They’re More Women in Politics All Over The World Than Ever Before

Alina Sparks

This is apart of our Fall 2017 Issue focused on Diversity.

Women either in or vying for political positions of power face a multitude of obstacles in a world where men dominate the field of politics. Gender stereotypes prevail in today’s political atmosphere and serve as a basis for many when voting or nominating candidates  Appearing strong and capable is not enough, one must endure queries of plans for parenting, inquiries regarding domestic life, and a number of other factors that may define a woman’s job prospects. However, a selection of women have made their way to the top and hold prominent positions across the globe.

Though the barriers to women in politics have begun to break down, the fight is not over yet.

Amidst allegations of sexual abuse by Harvey Weinstein, a growing concern over the gender wage gap, and a general period during which women have repeatedly been placed under a microscope, the emergence of new and innovative women in politics is essential.

Prime Minister Jacinda Ardern

Jacinda Ardern, 37, took over from Prime Minister Bill English on October 26, becoming New Zealand’s youngest prime minister in more than 150 years.  Ms. Ardern is described to defy the norm of traditional political figures in New Zealand and has restored power to the nation’s left wing. Focusing her campaign on issues such as poverty, climate change, and feminism, Ms. Ardern has proven tough and innovative in regards New Zealand and its political structure.  A recent interview with Mark Richardson, who after implying an employer should be encouraged to ask and make dcisions based upon an employee’s choices regarding parenthood and maternity, engendered a fierce defense on Ms. Ardern’s part for women in the workplace:

 “…totally unacceptable in 2017…It is a woman’s decision about when they choose to have children and it should not predetermine whether or not they are given a job or have job opportunities.”

In response to questions regarding Ms. Ardern’s stance and plans for climate change policy, New Zealand’s government released a statement offering “climate change refugee status” to certain people around the globe.

President Ellen Sirleaf Johnson

Ellen Johnson Sirleaf, elected in office since January 16 2006, is the current President of Liberia.  Joint winner of the 2011 Nobel Peace Prize, a Goodwill Ambassador for Water, Sanitation, and Hygiene in Africa, and chairman of the African Leaders Malaria Alliance, Ms. Sirleaf faces being usurped by Liberia’s vice-president and a Liberian ex-football player in the most recent election.

Ms. Sirleaf, though unsuccessful in inhibiting government corruption and piecing together Liberia’s health system, was triumphant in returning electricity and running water to much of the country. She built and established roads for a stable transportation system, and allowed ” a level of freedom to criticize her leadership that is seldom seen in other African countries,” according to the New York Times.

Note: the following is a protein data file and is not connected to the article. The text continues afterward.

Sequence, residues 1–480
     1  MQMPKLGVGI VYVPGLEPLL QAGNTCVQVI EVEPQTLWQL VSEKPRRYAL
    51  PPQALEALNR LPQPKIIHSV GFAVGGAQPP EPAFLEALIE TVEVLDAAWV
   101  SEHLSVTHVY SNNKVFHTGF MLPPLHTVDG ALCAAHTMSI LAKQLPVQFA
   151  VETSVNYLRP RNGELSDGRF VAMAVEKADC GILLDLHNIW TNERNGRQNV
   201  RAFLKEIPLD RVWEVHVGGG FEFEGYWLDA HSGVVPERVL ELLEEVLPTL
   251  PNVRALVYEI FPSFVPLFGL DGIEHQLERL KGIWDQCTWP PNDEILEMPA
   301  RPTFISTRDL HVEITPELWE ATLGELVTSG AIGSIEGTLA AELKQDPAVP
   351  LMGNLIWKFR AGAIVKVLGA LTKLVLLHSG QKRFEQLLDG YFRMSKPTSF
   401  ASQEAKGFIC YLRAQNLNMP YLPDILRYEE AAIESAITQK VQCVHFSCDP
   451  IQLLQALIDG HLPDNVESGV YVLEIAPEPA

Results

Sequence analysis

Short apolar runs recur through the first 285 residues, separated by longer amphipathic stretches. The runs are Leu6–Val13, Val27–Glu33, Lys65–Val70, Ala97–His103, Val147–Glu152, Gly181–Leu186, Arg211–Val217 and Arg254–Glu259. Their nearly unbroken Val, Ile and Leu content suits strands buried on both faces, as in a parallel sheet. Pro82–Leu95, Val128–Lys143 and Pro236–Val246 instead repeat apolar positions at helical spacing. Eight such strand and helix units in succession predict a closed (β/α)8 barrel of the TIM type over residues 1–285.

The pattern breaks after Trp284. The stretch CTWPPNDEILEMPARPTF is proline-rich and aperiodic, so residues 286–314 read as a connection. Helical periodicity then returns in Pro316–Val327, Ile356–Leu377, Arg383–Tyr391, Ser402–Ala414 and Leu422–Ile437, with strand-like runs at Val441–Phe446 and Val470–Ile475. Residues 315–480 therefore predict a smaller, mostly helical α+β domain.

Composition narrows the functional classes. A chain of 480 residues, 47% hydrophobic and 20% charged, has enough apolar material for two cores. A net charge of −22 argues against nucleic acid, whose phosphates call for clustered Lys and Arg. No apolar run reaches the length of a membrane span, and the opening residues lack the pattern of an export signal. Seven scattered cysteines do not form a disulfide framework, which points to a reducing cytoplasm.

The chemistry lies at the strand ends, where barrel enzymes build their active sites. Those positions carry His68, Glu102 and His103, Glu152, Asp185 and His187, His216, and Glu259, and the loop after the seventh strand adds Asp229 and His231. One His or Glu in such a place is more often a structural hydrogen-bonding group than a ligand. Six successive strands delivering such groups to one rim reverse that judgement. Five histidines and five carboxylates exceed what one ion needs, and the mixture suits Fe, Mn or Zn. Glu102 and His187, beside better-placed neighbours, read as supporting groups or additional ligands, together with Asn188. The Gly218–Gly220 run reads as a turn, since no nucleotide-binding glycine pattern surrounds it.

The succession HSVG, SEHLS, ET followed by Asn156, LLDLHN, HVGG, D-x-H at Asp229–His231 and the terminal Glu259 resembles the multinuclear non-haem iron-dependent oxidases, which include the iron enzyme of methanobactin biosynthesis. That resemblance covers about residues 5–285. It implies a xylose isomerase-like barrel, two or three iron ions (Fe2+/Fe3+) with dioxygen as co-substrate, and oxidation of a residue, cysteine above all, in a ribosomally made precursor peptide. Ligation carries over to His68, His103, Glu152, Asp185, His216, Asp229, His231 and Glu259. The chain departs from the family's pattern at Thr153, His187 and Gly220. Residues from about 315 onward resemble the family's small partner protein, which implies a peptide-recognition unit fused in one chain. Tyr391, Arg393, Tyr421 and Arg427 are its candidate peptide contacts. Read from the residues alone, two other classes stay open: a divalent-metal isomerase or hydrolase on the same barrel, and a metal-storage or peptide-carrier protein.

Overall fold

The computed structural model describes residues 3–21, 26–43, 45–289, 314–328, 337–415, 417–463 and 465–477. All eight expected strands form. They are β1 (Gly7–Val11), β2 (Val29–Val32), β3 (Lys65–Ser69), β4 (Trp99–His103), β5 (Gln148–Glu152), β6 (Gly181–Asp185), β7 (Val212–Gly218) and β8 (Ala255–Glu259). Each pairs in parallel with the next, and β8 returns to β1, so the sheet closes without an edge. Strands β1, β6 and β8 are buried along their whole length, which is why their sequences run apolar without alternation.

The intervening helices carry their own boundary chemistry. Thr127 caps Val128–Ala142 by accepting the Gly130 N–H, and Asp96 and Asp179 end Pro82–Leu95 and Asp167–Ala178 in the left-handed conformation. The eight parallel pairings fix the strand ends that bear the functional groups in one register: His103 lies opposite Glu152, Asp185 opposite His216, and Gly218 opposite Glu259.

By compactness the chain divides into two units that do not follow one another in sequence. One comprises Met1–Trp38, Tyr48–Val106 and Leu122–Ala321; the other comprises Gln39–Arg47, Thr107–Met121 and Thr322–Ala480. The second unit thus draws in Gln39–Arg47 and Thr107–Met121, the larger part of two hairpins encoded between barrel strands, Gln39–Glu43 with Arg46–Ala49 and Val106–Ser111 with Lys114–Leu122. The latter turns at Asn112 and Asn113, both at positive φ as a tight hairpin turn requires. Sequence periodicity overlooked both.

October 9 rallied a crowd of women who engaged in a peaceful rally, warning the men who were likely to take back their country, to keep the peace that Ms. Sirleaf sustained throughout Liberia in regards to disputes with other nations, for the length of her political term.

Chancellor Angela Merkel

Angela Merkel has been the Chancellor of Germany since 2005. Widely described as one of the most complex political figures, Mrs. Merkel is generally perceived to make decisions on an ethical basis- and result of her Lutheran faith- and in response to events as they arise rather than in a pragmatic manner. This is evidenced by Germany’s drastic act in late 2015 during which Mrs. Merkel opened the nation to a horde of refugees and migrants- an estimated 1000 asylum seekers by December of the year.

This very act revolutionized Mrs. Merkel’s career, proving to be the turning point from a political term proceeded with caution and lacking in drama, to one addressing global issues and making vast strides in altering the structure of the European Union. Though much controversy arose following Mrs. Merkel’s resolution regarding the benefits and effects this audacious act would have on Germany, the arrangement brought forth queries on how to improve Germany’s standard of living and led to numerous breakthroughs in Germany’s economy on Mrs. Merkel’s part.

Having recently been elected for a fourth term this September, Mrs. Merkel promises to make further strides in the development of Germany:

“I have the intention of achieving a stable government in Germany, and that has been a hallmark…” according to the New York Post. 

The three women are only a small selection of the prominent female figures who have managed to break down barriers of gender stereotypes and make strides of progress in the development of the nations they lead. Yet obstacles such as the gender wage gap, sexual harrasment and domestic violence, etc. endure. There is so much more to accomplish. In the words of Angel Merkel,

“When it comes to human dignity, we cannot make compromises.”

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